Back when interest rates had hit rock bottom, consumers would often turn to “piggyback loans” to avoid the extra expense of monthly private mortgage insurance payments. Now that interest rates are up, private mortgage insurance may be making a comeback.

“Because interest rates have gone up, making piggyback loans is less favorable,” said Brian Carey, an economist with Moody’s Economy.com. “Every time the Fed increases interest rates, the interest rates on those loans go up with the prime interest rate. They are becoming more expensive.

Back when interest rates had hit rock bottom, consumers would often turn to “piggyback loans” to avoid the extra expense of monthly private mortgage insurance payments. Now that interest rates are up, private mortgage insurance may be making a comeback.

“Because interest rates have gone up, making piggyback loans is less favorable,” said Brian Carey, an economist with Moody’s Economy.com. “Every time the Fed increases interest rates, the interest rates on those loans go up with the prime interest rate. They are becoming more expensive. Right now you are probably looking at 7-3/4 percent interest for a piggyback loan.”

Under a piggyback loan structure, borrowers obtain a second mortgage at purchase, which reduces the first mortgage loan-to-value ratio to 80 percent and eliminates the need for private mortgage insurance. Popularity of such loans soared around 2002 through 2005, when interest rates were low.

There was even some discussion of the possibility that piggybacks might make the personal mortgage industry irrelevant. But now, with interest rates going up, choosing a piggyback isn’t a snap any more.

“The decision as to whether to use a piggyback is more difficult now versus more traditional forms of mortgage insurance,” said Keith Gumbinger, vice president of HSH Associates. “It is more difficult because interest rates on those second trust deeds, whether home equity lines or home equity loans, have risen substantially in recent years.”

Companies that offer mortgage insurance, such as Walnut Creek, Calif.-based The PMI Group, Philadelphia-based Radian Guaranty and Mortgage Guaranty Insurance Corp. (MGIC) of Milwaukee, stand to benefit from this development.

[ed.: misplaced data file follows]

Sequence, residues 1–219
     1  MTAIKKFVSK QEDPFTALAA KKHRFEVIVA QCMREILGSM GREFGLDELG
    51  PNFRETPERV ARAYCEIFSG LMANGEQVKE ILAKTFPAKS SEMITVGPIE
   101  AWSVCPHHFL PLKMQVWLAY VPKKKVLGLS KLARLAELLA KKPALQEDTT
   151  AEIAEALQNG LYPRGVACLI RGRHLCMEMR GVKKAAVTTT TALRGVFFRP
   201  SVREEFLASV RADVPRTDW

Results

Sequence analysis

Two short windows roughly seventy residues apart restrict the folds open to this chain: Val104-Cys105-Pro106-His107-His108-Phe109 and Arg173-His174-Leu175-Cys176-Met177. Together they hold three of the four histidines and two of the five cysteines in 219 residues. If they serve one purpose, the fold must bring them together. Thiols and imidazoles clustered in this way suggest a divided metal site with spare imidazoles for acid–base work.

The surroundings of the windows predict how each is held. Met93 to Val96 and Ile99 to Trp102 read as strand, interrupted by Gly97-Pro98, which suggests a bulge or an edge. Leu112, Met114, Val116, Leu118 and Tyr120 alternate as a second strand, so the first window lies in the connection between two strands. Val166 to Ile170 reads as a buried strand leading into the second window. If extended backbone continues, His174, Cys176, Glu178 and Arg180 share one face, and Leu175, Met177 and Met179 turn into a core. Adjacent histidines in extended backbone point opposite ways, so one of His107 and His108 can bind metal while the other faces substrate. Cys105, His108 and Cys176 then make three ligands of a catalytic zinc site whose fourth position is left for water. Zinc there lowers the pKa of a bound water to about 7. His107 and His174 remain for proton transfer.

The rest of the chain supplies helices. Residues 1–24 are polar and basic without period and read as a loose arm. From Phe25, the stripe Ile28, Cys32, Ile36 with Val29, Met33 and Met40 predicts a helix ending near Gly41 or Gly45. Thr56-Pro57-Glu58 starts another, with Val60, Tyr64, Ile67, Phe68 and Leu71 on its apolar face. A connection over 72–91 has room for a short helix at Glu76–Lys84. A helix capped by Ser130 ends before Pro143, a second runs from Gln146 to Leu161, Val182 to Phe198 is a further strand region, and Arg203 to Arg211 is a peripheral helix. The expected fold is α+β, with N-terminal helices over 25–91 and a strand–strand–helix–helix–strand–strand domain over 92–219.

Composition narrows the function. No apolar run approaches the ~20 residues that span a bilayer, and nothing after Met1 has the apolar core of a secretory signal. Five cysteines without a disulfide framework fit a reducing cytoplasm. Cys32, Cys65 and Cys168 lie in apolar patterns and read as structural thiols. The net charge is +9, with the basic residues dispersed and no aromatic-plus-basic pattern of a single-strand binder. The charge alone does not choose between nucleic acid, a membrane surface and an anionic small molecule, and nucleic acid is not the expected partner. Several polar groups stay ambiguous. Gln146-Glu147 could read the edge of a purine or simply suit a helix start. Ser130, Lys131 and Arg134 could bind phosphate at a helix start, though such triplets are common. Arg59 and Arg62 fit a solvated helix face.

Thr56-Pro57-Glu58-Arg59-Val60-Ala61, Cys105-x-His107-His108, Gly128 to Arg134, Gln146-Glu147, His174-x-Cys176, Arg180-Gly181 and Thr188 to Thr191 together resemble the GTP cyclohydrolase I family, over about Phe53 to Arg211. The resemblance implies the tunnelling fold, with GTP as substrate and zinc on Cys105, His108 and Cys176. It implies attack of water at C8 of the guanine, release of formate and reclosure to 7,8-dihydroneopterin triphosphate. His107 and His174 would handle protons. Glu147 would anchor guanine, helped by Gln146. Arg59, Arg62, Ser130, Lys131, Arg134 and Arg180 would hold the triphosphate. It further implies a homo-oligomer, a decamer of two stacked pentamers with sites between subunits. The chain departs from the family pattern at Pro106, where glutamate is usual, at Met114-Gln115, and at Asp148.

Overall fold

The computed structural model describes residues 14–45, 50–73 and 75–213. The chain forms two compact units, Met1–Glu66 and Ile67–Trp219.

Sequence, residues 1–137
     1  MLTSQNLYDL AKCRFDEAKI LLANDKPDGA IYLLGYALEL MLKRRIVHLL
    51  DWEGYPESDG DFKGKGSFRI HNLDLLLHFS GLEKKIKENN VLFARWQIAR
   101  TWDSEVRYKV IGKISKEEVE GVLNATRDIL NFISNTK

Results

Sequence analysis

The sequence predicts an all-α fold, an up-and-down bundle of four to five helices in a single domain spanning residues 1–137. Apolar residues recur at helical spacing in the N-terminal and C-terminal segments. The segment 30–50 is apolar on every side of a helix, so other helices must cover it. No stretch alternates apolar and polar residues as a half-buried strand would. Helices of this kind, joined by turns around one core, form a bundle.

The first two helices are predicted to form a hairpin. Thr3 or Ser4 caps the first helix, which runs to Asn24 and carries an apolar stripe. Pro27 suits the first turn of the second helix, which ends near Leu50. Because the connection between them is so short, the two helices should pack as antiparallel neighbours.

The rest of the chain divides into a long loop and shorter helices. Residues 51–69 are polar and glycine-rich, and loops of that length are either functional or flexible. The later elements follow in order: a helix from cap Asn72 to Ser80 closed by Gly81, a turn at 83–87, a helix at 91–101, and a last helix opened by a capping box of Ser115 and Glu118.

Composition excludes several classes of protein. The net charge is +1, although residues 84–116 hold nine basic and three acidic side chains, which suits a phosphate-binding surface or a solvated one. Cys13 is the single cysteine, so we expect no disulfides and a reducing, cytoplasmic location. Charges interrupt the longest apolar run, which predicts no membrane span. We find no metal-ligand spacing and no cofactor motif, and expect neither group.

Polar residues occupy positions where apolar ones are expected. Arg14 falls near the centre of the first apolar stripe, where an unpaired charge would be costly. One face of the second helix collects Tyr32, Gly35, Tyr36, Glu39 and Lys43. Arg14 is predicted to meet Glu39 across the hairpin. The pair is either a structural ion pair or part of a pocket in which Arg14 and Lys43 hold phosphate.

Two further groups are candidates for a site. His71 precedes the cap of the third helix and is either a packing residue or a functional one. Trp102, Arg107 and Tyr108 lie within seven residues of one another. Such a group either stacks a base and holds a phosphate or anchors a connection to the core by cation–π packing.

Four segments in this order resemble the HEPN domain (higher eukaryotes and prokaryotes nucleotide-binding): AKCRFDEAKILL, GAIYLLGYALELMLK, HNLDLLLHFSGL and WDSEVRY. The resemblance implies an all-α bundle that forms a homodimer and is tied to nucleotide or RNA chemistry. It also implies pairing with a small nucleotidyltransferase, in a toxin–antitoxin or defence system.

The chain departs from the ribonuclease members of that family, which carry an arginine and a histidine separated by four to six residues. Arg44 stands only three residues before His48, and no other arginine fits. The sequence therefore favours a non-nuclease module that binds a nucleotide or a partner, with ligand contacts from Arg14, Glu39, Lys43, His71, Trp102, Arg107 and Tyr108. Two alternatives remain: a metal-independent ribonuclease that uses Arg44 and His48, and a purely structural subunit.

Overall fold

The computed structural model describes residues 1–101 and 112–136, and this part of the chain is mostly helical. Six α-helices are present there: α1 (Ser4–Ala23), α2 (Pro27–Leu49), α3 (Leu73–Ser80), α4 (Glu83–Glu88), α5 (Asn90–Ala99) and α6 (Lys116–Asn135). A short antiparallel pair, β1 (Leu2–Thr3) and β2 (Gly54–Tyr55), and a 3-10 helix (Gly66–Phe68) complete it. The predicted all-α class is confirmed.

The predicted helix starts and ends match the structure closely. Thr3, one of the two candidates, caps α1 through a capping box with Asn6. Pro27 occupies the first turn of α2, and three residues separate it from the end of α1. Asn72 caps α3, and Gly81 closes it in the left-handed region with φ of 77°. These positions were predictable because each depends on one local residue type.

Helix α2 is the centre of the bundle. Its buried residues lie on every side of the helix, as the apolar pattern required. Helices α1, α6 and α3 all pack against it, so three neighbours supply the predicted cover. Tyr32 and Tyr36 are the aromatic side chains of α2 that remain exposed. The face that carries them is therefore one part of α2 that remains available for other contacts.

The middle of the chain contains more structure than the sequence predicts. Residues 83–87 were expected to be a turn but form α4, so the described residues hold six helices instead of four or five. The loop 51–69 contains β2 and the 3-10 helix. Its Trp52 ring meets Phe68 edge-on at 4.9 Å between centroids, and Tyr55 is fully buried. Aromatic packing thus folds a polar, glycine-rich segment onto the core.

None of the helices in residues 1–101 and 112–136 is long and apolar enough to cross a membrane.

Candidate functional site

MGIC is hoping to capture consumers with its “SingleFile” product, an alternative to the piggyback loan, according to Sal Miosi, the company’s vice president of marketing.

“SingleFile is a mortgage insurance product that’s deeply discounted for borrowers with better credit profiles. It’s discounted for consumers with a reasonable debt ratio and a high FICO score,” Miosi said.

The product debuted in August 2004 to compete with piggyback loans, but “a lot has happened since then,” Miosi said. “When we first came out with SingleFile, the prime rate was 4 percent. The overall market has shifted a lot and in general all our mortgage insurance products have become more competitive.”

The big difference with the SingleFile product, Miosi said, is that it’s lender-paid, so it’s tax-deductible, unlike other forms of mortgage insurance that are paid by the borrower.

“Borrower-paid insurance is set apart from the interest rate,” Miosi said. “That’s the disadvantage. They (consumers) can’t deduct it from their income taxes.”

On the other hand, the disadvantage of SingleFile is that, unlike borrower-paid insurance, the consumer can’t discontinue the insurance after a couple of years when the house’s value goes up and there’s a better loan-to-value ratio.

“If their (consumers’) goal is to lower their payment today, SingleFile is their best option. If their goal is to be free a few years down the road, they should probably look at borrower-paid mortgage insurance,” Miosi said.

According to a 100 percent financing loan structure comparison provided by MGIC, a borrower would pay $2,065 monthly for two loans, with the second a home equity line of credit, on a $300,000 home loan, if the first loan were $240,000 and the HELOC $60,000.

Using those same parameters, the consumer would make $2,071 monthly payments on that $300,000 loan with two loans, one a fixed-rate second mortgage.

With traditional borrower-paid mortgage insurance, the monthly loan payment would be $2,186 on that $300,000 home loan, and with SingleFile, it would be $2,047.

Since borrower-paid mortgage insurance can be cancelled in two years – generally, once the homeowner has reached 20 percent equity – at that point, when they cancel the mortgage insurance, their new loan payment will be $1,946.

“If you took one step back as a consumer and looked at what’s better for you, mortgage insurance or a piggyback loan, there’s a lot to be considered,” Miosi said. “One is your credit profile. Could you qualify for a second mortgage? Could you qualify for SingleFile? Is it more important for you to make low payments right off the bat, or to be able to cancel your insurance down the road? Everyone has their own appetites.”

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